Marvel Movie Madness! Part 8: Blade II

Was this sequel cut from the same cloth as the original?

by | May 26, 2011 | Comments

Enter Marvel Movie Madness, wherein Rotten Tomatoes watches all of the significant Marvel movies ever made. Full Marvel Movie Madness list here. Tune in! We give you our thoughts, and you give us yours.

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Part 8: Blade II (2002, 59% @ 136 reviews)

Directed by Guillermo del Toro, starring Wesley Snipes, Ron Perlman, Kris Kristofferson, Norman Reedus

Alex: 2003: The year the comic book movie boom really got started. Spider-Man web-slung into theaters to declare superheroes the new king of summer, and Blade II marked the first time Marvel had produced a movie deserving of a sequel. In this outing, Blade relocates to Russia searching for his left for dead mentor, Whistler. At the same time, a mutant breed of vampires rises, forcing Blade to make uneasy alliances with enemies and new sidekicks.

This is, for better or worse, a Guillermo del Toro movie. Baroque sets and lots of colorful characters, creatures, and gross-out gore. Del Toro’s style has only grown in popularity following Blade II but I prefer the original’s spare style. Blade II is one big bouncy cartoon, and I frequently find that del Toro’s passion and creativity exceeds his directorial intuition. I don’t plan on revisiting this film ever but do find it marginally compelling to see a director put a personal stamp inside a mainstream superhero series.

Luke: Alright, I confess — I couldn’t handle any more of this movie after 30 minutes. The bad sunglasses, leather trenchcoats and crappy industrial beats were hurting my will to live. But I would pay to see a movie based on that Photoshopped image from a couple of years back in which Blade puts an end to Edward Cullen’s miserable existence. Come on, IRS, cut Snipes a break so we can see this happen.

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Tim: Listen, I’ve got nothing but love for Guillermo del Toro, but I have to agree with Alex. Blade II has a lot of things going for it in comparison to its predecessor — the effects are better, the action is cranked to 11, and the makeup design is vivid and grotesque (the Reapers look like Nosferatu by way of Aliens). And there are some wonderful del Toro touches — I loved the ninja-like vampires who invade Blade’s workshop — and a couple funny lines (Blade: “So you’re human.” Vampire attorney: “Barely. I’m a lawyer”).But there’s something missing this time — it’s not like Blade is the most effusive superhero on the block, but the first movie placed him in an intriguing milieu and let us fill in the blanks. Here, he’s not as haunted, and therefore not quite as weighty. Add to that a couple of absurd plot twists, plot inconsistencies, and a non-starting romance, and what you’re left with is a slicker, more cosmetically appealing movie that nonetheless fails to equal the gritty soulfulness of the first film.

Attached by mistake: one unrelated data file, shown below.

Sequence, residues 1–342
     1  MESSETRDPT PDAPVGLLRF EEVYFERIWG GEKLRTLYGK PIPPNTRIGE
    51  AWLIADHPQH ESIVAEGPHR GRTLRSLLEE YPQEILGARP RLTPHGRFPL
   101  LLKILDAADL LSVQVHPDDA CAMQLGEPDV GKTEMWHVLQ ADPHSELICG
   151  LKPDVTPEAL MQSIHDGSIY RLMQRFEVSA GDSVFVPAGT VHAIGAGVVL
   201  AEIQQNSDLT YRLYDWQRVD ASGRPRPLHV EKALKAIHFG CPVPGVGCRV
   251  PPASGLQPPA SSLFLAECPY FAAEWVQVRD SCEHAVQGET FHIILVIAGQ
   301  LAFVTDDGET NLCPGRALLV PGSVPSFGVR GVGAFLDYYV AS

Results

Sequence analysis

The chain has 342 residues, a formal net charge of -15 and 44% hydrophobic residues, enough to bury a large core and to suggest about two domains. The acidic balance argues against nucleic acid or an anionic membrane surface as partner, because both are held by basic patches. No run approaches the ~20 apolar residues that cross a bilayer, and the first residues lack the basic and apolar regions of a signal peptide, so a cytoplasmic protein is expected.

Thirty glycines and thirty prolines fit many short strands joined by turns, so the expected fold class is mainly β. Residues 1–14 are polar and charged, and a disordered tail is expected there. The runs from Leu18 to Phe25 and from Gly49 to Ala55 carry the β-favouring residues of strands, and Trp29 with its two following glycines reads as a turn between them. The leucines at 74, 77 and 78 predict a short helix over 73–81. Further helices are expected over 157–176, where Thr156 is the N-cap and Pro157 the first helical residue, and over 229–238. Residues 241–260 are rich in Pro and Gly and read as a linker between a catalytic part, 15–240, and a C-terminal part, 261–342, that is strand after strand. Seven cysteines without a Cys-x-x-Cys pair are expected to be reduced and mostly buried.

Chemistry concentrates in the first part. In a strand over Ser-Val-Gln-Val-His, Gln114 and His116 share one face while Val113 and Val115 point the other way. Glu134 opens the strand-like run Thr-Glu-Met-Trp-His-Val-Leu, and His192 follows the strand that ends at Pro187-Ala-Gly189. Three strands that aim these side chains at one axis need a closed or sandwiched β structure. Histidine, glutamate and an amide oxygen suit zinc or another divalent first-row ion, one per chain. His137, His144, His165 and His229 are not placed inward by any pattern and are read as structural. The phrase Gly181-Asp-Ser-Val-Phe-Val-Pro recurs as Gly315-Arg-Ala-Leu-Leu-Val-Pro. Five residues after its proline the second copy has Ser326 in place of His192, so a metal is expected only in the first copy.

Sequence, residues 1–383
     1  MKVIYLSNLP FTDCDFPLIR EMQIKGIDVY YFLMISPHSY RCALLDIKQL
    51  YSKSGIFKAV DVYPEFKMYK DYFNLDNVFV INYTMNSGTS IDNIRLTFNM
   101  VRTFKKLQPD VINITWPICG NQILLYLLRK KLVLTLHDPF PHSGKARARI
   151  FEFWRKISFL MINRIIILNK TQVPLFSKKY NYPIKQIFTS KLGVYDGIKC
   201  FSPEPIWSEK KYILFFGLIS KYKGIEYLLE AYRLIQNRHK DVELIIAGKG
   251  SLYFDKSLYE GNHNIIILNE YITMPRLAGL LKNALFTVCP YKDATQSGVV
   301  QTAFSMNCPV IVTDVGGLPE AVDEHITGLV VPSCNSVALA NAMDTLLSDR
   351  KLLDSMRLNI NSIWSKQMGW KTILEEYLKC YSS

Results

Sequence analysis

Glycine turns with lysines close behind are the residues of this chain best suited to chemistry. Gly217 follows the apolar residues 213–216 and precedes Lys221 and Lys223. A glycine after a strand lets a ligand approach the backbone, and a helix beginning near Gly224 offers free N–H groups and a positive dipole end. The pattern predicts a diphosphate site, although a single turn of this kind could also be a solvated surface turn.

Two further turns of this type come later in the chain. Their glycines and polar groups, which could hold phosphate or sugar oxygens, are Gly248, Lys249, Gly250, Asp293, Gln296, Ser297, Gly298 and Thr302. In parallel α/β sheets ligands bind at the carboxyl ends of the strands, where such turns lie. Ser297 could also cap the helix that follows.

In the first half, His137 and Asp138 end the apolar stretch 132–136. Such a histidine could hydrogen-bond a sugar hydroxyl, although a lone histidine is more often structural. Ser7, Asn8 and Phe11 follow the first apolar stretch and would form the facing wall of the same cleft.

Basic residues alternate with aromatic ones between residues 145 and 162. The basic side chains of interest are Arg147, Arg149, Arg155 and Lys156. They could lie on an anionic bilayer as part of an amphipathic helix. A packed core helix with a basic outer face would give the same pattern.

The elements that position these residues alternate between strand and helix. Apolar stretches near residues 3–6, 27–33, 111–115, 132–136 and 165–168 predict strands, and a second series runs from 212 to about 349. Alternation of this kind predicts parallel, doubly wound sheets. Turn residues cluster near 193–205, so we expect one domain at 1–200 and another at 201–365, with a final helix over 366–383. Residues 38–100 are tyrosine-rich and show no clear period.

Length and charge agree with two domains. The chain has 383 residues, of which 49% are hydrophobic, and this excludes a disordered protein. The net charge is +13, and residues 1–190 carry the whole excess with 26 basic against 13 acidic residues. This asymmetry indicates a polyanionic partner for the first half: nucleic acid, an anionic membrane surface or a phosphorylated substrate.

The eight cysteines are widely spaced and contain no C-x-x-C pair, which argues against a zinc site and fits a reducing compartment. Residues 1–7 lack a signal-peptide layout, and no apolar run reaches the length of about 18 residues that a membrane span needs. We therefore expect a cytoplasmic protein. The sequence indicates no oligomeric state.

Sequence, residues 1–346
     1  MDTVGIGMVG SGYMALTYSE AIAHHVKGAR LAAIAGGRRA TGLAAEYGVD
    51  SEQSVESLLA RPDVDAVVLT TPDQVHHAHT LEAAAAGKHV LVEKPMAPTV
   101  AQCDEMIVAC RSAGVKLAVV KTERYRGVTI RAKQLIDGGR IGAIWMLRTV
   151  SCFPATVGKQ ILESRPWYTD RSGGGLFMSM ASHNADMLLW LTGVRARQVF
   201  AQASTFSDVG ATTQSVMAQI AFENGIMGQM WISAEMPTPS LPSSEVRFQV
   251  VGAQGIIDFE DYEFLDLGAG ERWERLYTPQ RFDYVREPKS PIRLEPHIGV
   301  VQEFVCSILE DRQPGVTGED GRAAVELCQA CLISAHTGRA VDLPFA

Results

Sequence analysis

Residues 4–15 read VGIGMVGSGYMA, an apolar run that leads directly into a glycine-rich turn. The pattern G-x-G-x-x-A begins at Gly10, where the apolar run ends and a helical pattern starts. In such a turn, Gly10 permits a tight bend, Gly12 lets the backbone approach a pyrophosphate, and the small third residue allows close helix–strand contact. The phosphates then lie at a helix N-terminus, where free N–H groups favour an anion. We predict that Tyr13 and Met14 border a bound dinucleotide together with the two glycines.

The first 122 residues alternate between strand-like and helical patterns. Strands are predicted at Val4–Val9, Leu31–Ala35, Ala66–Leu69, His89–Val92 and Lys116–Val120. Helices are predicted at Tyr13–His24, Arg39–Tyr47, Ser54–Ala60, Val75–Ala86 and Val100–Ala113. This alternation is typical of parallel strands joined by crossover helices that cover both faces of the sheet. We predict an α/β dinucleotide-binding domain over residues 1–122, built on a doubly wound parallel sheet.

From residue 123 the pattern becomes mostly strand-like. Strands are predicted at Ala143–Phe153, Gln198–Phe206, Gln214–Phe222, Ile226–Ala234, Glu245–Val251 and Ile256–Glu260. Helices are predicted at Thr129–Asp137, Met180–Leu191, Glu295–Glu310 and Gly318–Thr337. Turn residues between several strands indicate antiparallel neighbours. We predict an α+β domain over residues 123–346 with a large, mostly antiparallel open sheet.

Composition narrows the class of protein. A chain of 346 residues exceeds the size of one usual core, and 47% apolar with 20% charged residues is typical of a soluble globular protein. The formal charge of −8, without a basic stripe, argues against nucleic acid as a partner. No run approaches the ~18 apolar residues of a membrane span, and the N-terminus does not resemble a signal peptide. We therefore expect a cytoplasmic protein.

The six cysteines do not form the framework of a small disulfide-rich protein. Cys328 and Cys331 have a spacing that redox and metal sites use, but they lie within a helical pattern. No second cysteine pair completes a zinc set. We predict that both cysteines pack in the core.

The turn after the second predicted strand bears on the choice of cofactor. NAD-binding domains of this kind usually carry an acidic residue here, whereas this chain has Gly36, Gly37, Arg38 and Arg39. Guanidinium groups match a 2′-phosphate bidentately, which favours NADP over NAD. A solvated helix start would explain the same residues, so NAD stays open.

Matt: This movie is a weird match of director and subject to me. I think del Toro’s creativity is really hobbled here; he’s got a real flair for blending horror and fantasy, but I don’t think the Blade series the best place for that. Don’t get me wrong – I really like this movie, I just think it’s one of the weaker entries in del Toro’s filmography. If Blade seems to feel like a dress rehearsal for The Matrix, then Blade II is definitely del Toro’s dry run for Hellboy two years later. But this movie isn’t bad, by any means. The action is well-staged, (it had better be, if you’re going to cast Donnie Yen), and Snipes seems to have a sixth sense for striking photogenic martial arts poses no matter where the camera is placed. I should also add that watching these movies definitely makes me miss Action Hero Wesley Snipes.

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Jeff: No, it isn’t a bad movie — in fact, I prefer it to the first installment, which I thought had some nifty ideas but was ultimately undone by Norrington’s unsteady direction. Del Toro is simply a better director, and as a result, I thought Blade II felt much more assured — the funny lines were legitimately funny, some of the action sequences were legitimately awesome, and the visuals, of course, benefited from del Toro’s signature style. Like Luke, however, I started to feel fatigue set in after awhile, and I thought the whole thing went completely off the rails in the final act, with one overblown battle after the next. (Did anyone else feel like they’d slipped into a Three Stooges/vampire hybrid when Blade and Nomak broke out the wrestling moves?) If del Toro had cut 20 minutes, this would’ve been a much stronger film.


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